In a joint press conference organised by Pakistan Federal Union of Journalists (PFUJ) in collaboration with Media Matters for Democracy (MMFD), the union leaders and rights activists demanded of the government to bring any such future regulation on social media after a proper consultation with the stakeholders. The press conference was addressed by the General Secretary of Pakistan Federal Union of Journalists Nasir Zaidi, General Secretary Human Rights Commission of Pakistan Haris Khaleeq, General Secretary Islamabad Bar Council Umair Baloch, senior journalists M Ziaudin and Hamid Mir and Co Founder of MMFD Sadaf Baig.

On this occasion, a statement regarding the rules was presented by Nasir Zaidi which was endorsed by the PFUJ, Supreme Court Bar Association, Islamabad High Court Bar Association, Rawalpindi High Court Bar Association and senior journalists and human rights activists. The speakers said that the new rules clearly give an impression that this law has been made to curb the basic right of freedom of expression of general public. They termed it a positive sign that Prime Minister Imran Khan has directed the relevant department to hold consultation on rules before implementation but urged the Prime Minister to immediately denotify these rules through written order and issue a comprehensive consultation plan for any future regulation on social media.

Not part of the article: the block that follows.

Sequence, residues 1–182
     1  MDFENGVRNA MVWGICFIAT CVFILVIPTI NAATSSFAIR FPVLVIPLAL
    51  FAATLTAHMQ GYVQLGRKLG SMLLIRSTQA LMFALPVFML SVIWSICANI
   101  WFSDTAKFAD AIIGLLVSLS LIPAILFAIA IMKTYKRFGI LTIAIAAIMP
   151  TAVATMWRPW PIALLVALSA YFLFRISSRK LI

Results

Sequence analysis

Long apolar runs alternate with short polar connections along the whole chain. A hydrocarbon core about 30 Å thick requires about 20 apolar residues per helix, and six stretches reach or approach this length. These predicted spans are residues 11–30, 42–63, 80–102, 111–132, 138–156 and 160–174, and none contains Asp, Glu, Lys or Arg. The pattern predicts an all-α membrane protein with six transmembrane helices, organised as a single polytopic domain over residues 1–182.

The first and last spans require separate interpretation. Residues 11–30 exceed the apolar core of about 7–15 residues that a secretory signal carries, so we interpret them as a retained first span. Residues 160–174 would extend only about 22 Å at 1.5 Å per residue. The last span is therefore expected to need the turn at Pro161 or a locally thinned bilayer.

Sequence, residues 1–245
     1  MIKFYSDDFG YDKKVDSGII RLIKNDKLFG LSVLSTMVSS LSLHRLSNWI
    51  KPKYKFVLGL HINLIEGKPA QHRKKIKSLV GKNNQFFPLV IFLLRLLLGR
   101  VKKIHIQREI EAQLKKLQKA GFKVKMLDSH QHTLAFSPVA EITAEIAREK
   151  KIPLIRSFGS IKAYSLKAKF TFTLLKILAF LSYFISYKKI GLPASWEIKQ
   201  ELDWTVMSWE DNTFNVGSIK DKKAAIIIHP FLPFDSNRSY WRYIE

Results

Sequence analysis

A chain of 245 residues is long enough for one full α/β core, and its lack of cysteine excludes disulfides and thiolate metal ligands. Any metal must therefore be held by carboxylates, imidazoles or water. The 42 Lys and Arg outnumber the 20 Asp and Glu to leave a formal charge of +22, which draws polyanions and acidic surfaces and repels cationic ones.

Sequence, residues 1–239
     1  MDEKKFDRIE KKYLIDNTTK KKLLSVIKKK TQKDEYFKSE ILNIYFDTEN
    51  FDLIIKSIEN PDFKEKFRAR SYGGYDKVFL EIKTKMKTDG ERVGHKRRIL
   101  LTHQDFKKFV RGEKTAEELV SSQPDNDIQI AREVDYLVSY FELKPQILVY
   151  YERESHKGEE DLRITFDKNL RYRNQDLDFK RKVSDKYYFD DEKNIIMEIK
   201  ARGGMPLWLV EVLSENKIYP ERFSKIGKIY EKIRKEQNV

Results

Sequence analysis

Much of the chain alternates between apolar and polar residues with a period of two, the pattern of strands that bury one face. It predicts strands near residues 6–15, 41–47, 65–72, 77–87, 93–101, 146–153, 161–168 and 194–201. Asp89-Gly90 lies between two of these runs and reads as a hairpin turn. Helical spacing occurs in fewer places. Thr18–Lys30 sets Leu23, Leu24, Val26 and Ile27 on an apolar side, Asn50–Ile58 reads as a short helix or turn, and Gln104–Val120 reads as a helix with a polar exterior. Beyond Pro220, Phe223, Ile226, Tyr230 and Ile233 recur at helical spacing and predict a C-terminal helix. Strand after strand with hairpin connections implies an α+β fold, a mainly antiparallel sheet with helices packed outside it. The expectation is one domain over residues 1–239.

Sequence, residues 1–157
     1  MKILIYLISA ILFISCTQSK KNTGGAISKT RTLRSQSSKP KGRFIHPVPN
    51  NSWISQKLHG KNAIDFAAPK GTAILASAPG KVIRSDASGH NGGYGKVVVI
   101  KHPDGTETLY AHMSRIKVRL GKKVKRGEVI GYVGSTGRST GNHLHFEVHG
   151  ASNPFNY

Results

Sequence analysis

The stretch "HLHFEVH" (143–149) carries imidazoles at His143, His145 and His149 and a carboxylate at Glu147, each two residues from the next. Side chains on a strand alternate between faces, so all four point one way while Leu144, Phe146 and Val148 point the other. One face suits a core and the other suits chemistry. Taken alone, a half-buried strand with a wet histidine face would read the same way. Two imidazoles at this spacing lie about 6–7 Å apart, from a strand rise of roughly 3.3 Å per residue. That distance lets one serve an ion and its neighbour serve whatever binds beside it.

While announcing the future strategy, General Secretary PFUJ Nasir Zaidi said that PFUJ has announced nation-wide protests against the Citizens Protection (Against Online Harm) Rules 2020. “The Pakistan Federal Union of Journalists will hold joint press conferences in Karachi, Lahore, Peshawar and Quetta press clubs. Besides that, a national conference will be organized on February 27 at the National Press Club where a declaration will be passed presenting the demands of media and civil society.”